By Ben Hughes
With the three main national parties having an evident commitment to at least some aspects of the work of CDFIs, can we look forward to a time of new hope and opportunity? Well yes….and no
Labour’s commitment to legislation in reforming the banking sector, along with creation of a ‘proper’ British Investment Bank to lend money to small- and medium-sized businesses and to support a network of regional banks must be good news, as is their rumoured interest in a new Small Business Service; all good news for CDFIs – and enterprise lenders in particular.
The Conservatives’ explicit endorsement of devolution, a Cities strategy and Small Business support, plus vague words on financial inclusion suggest support for below the radar financing across all markets, and the Lib Dems – most explicit in their endorsements – have flagged the pending British Business Bank research which was of course announced last month by Danny Alexander himself, and have pledged to support a new community banking sector
So, definitely some good hooks – irrespective of which rainbow of colours pervade on May 8th – on which to hang our autumn campaign, profiling the ‘new’ CDFA (which incidentally we’ll be launching this July) and pushing hard on key policy asks of our new government, to raise the bar for CDFIs. But are these hooks enough to ensure the long term political engagement that have been so key in other nations that have strong local finance industries, notably USA and Germany. I doubt it; we are still short on what many see as the moral imperative to really tackle the alarming problem of thousands of individuals, business and home owners who remain simply unable to access the finance they need, and that’s key to engaging meaningfully in both economic and civil society.
It’s interesting to look back at previous new governments, and those that have grabbed the moment – whatever your take on their politics. Atlee comes to mind, in both creating, and riding on, post war euphoria to establish ground breaking public policy initiatives on welfare and health. Thatcher, fundamentally changing the face of industry in the interests of the then pervading force of free market economic thinking. Blair, carving out a middle ground between neo-liberalism and traditional socialist roots on which his party was built. Very different individuals, with different politics but in many ways they all had evident ideologies that shaped their moral beliefs, and so those policies that continue to frame our government of today.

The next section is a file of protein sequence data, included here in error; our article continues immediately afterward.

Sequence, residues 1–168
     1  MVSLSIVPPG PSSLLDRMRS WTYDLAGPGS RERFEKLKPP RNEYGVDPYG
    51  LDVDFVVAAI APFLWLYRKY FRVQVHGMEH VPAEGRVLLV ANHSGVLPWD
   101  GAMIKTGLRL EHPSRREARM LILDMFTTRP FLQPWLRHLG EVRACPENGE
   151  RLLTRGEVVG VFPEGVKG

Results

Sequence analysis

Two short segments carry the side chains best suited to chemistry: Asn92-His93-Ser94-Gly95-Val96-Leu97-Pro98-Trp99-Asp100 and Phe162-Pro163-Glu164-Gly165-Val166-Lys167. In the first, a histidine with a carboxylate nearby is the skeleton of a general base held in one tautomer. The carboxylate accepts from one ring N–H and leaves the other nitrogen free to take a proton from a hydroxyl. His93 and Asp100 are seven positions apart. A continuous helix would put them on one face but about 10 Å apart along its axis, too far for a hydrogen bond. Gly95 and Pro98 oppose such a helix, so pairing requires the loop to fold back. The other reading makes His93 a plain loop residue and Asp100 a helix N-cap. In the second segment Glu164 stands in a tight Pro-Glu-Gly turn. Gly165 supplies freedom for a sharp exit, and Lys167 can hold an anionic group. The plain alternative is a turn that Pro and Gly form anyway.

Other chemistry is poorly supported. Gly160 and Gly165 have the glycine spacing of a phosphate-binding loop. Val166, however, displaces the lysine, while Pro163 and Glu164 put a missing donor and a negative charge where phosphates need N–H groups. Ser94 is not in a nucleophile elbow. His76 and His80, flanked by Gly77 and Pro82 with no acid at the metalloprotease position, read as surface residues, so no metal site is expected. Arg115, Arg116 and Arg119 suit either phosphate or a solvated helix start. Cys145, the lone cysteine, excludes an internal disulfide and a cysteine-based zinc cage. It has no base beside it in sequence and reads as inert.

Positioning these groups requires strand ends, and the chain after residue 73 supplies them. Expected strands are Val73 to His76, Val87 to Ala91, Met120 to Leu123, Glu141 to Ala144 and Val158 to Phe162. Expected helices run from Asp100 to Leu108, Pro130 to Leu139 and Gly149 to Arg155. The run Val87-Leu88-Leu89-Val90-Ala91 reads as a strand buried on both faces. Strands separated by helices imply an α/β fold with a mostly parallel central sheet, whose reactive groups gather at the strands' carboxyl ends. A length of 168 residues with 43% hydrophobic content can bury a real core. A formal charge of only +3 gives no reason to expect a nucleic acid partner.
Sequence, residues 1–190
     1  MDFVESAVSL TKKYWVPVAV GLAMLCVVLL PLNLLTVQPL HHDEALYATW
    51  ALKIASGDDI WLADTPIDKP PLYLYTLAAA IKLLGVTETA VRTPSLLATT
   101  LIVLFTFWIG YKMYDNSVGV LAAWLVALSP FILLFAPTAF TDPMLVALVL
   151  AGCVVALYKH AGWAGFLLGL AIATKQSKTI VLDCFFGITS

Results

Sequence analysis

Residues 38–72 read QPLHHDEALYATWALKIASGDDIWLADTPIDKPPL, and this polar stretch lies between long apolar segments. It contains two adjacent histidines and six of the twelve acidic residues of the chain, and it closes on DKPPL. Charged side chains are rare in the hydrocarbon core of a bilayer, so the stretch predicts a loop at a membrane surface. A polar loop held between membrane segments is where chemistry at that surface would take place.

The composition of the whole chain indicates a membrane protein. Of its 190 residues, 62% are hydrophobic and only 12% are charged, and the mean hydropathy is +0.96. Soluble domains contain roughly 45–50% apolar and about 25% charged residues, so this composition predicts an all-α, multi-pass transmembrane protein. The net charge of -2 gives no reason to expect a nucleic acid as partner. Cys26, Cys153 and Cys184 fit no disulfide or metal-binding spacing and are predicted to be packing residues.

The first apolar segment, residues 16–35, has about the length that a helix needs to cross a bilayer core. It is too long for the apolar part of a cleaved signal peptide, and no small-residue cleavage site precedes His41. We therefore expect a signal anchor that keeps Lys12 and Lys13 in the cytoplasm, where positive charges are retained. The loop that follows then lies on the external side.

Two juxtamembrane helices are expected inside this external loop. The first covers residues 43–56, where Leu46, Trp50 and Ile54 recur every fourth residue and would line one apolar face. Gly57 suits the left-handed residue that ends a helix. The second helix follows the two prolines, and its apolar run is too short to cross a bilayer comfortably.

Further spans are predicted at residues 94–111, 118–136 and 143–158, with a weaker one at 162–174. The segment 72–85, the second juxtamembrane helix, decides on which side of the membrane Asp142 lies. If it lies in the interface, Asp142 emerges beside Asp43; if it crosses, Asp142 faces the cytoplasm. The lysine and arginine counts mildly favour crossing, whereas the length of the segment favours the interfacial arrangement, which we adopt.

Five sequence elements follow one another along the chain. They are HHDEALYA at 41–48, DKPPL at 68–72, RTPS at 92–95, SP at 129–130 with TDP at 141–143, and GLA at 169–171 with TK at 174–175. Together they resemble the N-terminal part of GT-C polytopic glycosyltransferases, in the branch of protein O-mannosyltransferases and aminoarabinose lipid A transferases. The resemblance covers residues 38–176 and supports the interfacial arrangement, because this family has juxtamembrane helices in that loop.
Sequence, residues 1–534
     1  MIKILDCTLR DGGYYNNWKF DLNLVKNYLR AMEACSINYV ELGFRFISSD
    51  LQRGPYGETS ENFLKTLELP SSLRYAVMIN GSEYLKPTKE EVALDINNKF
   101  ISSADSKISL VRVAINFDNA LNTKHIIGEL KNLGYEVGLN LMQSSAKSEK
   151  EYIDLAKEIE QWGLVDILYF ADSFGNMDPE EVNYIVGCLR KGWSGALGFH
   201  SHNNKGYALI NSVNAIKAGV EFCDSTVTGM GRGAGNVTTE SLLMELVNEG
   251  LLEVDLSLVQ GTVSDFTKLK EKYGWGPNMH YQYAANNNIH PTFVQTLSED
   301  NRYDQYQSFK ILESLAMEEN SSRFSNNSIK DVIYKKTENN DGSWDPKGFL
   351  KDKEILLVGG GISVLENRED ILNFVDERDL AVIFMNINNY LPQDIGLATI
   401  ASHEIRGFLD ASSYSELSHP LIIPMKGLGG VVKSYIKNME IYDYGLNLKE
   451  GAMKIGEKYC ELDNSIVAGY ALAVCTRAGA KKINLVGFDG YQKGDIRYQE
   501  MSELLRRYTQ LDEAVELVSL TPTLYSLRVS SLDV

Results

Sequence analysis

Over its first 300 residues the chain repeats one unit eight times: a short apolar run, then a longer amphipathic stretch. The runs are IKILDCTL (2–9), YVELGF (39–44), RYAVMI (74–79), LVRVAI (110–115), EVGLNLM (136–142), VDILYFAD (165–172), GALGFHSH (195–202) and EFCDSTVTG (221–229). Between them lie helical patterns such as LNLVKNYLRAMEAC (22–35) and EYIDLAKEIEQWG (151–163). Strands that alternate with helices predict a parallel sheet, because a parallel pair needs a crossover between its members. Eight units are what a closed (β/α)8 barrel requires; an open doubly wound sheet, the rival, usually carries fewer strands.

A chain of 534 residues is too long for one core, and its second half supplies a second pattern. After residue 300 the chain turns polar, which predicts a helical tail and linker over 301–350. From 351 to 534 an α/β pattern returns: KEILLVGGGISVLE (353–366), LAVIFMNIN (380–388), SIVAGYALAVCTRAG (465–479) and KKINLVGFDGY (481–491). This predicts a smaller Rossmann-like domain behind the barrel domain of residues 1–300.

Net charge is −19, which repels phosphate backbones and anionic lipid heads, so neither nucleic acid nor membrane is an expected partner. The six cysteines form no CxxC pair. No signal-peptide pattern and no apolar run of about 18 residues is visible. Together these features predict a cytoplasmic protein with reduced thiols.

So what’s the moral imperative in 2015? Do any of those hooks above relate to a belief in the need for greater market equality, and so to government using public policy levers to gap fill? In a nation beset with inequality – with growing disparities in wealth, education and health, a few policies here and there will do little to change a system that is leaving increasing numbers underserved by the mainstream, and who are falling further and further behind. And with finance – or at least lack of – being one of the indicators, is it now more of a moral rather than ‘just’ economic or social, issue that needs an urgent response if we are to see the work of CDFIs properly valued in the corridors of power.
Ben Hughes is Chief Executive of the CDFA.